Cordoba, Argentina

More stories of more trips! Last weekend we went to Cordoba, Argentina. Cordoba is the second biggest city in Argentina and is in the middle of the country. The landscape just outside the city is actually very similar to that of the US Midwest (particularly Kansas).

Just outside of Cordoba Ciudad.

Just outside of Cordoba Ciudad.

My travel buddy and I explored the city a lot and went to a ton of museums while we were there. one of the most interesting museums was El Museo de la Memoria which commemorates the people, call Los Desaparecidos (the Disappeared), who were killed during the military dictatorship in the 70s and 80s.

Outside the museum, flyers of those who were kidnapped and presumably killed, but whose whereabouts and fates are still unknown.

Outside the museum, flyers of those who were kidnapped and presumably killed, but whose whereabouts and fates are still unknown.

I also really liked the Plazas in Cordoba. They are slightly bigger than the ones in Mendoza (which I also love), but they were also more artsy and less classic, which made them more interesting to talk about. For example this plaza had 200 giant rings in it. Each ring represented a year since Argentine independence and told a little bit of the history of the country from that year.

Very colorful and fun to play on.

Very colorful and fun to play on.

The main Plaza in Cordoba is called Plaza San Martin (what else would it be called, after all?) and the floor of the plaza was really cool. It was a reflection of the buildings right around it.

Reflection of a church on the floor of the plaza.

Reflection of a church on the floor of the plaza.

While exploring the city we also stumbled upon a huge slide that little kids were sliding down on pieces of cardboard. So we made like to locals and slid. It was super fun and would’ve never been allowed to happen in the US.

Down the slide!

Down the slide!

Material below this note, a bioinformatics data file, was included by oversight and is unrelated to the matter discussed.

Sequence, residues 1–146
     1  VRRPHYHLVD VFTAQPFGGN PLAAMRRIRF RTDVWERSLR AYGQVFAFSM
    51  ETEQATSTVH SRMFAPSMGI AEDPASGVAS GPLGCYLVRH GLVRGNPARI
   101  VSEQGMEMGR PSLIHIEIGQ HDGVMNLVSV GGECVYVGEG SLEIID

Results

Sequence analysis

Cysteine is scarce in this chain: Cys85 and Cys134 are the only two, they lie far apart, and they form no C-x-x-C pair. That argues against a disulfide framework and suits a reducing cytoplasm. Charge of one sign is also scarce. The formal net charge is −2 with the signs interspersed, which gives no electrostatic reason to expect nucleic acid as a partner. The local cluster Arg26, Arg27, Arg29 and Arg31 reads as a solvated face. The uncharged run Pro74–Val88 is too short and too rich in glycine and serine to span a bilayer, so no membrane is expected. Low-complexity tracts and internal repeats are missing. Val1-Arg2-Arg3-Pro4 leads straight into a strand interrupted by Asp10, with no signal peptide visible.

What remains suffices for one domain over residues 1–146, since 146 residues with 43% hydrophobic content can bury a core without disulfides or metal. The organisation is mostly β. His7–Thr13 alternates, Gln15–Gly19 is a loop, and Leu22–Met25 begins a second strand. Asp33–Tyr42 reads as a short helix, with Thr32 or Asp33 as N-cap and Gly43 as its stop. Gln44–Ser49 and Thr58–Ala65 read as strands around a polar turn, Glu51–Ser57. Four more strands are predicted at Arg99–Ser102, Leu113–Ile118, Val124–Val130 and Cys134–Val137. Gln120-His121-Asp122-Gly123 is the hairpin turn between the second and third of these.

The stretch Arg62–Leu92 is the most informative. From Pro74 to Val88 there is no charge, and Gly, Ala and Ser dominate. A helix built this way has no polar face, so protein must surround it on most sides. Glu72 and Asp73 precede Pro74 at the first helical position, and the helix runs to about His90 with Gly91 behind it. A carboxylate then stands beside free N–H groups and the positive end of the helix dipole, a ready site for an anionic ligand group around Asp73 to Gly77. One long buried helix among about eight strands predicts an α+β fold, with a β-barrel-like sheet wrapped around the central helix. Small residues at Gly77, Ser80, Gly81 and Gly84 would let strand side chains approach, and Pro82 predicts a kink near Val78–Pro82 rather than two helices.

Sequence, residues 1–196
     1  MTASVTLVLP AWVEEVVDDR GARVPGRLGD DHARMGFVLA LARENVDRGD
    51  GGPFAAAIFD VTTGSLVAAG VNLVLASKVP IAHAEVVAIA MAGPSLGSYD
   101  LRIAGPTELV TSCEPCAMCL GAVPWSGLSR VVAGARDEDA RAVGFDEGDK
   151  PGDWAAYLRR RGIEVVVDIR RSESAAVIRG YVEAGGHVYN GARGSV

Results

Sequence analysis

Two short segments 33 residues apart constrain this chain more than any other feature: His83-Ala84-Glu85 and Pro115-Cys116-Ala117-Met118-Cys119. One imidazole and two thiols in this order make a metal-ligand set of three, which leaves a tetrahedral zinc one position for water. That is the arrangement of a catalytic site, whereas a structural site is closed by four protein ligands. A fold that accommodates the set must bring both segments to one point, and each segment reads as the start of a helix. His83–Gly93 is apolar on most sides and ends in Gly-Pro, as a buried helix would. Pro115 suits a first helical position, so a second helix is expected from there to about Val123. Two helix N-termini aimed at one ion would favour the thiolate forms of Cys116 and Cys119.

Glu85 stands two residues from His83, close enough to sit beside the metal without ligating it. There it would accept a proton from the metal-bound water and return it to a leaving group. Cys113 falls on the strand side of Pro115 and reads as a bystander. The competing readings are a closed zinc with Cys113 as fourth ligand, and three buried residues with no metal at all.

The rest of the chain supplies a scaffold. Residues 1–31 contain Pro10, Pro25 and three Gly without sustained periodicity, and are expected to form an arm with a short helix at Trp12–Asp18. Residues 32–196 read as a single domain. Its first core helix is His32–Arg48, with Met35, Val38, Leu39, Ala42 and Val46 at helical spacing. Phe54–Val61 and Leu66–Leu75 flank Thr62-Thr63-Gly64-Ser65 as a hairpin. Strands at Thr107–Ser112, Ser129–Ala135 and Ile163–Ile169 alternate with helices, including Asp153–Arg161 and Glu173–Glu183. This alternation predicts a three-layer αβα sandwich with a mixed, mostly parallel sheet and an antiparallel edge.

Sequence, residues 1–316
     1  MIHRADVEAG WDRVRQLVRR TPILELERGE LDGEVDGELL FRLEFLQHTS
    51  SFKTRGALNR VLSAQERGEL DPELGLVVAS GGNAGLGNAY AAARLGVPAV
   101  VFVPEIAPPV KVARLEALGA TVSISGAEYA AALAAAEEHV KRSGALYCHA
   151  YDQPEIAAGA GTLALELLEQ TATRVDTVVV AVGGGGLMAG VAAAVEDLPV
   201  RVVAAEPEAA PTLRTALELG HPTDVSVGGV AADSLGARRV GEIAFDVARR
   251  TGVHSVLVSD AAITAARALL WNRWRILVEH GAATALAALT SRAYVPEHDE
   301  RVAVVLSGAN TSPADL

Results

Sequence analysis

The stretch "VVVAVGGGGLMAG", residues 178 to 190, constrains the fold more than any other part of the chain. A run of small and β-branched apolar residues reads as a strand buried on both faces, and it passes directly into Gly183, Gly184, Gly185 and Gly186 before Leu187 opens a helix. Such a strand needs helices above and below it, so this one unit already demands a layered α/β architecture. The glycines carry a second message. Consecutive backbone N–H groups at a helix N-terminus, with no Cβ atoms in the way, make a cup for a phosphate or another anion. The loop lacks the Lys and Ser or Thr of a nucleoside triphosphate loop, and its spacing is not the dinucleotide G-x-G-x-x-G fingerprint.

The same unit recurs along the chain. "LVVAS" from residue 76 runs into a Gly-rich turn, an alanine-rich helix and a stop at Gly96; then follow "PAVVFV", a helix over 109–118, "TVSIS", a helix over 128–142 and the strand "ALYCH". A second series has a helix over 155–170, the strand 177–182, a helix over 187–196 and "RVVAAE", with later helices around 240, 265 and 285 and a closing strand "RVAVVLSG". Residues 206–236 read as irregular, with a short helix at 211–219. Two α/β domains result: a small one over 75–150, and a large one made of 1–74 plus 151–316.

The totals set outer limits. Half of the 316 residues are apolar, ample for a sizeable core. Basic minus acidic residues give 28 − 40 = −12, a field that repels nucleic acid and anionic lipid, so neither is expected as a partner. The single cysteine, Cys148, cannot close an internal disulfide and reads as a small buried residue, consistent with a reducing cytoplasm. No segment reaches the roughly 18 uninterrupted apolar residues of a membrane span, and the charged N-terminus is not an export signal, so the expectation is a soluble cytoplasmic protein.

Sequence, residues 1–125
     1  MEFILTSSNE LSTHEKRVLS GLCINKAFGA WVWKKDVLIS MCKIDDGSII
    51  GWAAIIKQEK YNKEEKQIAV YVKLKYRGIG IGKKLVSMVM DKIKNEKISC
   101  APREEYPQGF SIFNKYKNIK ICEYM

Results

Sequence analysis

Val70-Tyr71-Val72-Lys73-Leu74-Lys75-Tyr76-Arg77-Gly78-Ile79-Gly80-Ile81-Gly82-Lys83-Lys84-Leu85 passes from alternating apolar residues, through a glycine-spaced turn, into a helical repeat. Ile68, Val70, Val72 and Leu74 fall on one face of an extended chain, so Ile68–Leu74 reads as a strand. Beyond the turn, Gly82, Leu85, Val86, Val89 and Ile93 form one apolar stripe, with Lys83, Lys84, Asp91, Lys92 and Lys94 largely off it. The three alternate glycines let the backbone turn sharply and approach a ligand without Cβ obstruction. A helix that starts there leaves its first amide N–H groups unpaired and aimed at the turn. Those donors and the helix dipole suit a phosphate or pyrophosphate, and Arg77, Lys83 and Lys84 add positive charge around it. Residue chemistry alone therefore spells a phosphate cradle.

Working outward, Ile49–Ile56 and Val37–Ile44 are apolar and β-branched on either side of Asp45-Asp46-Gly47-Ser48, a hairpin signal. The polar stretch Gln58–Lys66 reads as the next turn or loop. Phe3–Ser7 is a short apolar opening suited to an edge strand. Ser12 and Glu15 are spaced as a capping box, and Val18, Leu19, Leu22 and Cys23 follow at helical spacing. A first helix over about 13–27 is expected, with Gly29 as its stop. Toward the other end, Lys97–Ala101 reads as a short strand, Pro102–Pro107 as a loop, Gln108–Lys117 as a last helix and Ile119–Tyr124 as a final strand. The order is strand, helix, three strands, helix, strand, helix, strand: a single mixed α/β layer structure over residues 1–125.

We also took a day trip to the small town of Alta Gracia. Alta Gracia in very small in comparison to both Cordoba and Mendoza and is known primarily as the childhood home of Che Guevara, who played a major role in the Cuban Revolution. His childhood home had been turned into a museum that was interesting. But better than the museum was the tranquility of this sweet little town!

A park in Alta Gracia

A park in Alta Gracia

Janelle and I both really enjoyed it because it was so cute, the air was fresh (not that it’s terrible in Mendoza, but it is still a city), there was tons of open space, and for the first time since I have been in Argentina we heard nothing but silence for a few minutes. No road noise, no people, nothing. It was a welcome break from the noise of the city.

Obligatory trip selfie!

Obligatory trip selfie!

I should also mention our hostel. While I have no pictures of it, it was amazing. The travelers we met there were super interesting and nice! One of them decided to cook an Asado (Argentine version of a Barbecue) for the entire hostel! The owner of the hostel was super nice, younger woman who took care of us very well! She always made sure to ask how we were doing, if we needed anything, how our day was. It was fantastic! If I go back to Cordoba, I would for sure go back to that hostel.

We did our 10 hour bus ride back to Mendoza overnight again, but I found this bus very uncomfortable, so I slept very little, and was so bus sick by the end of it that I didn’t go to our first class the next day. However because I couldn’t sleep I did manage to get this amazing picture just as the sun was rising, very early in the morning, somewhere in the Mendoza Province.

Beautiful country.

Beautiful country.

You have to look at the silver linings of things. Trust me it was more beautiful in person than this picture shows.

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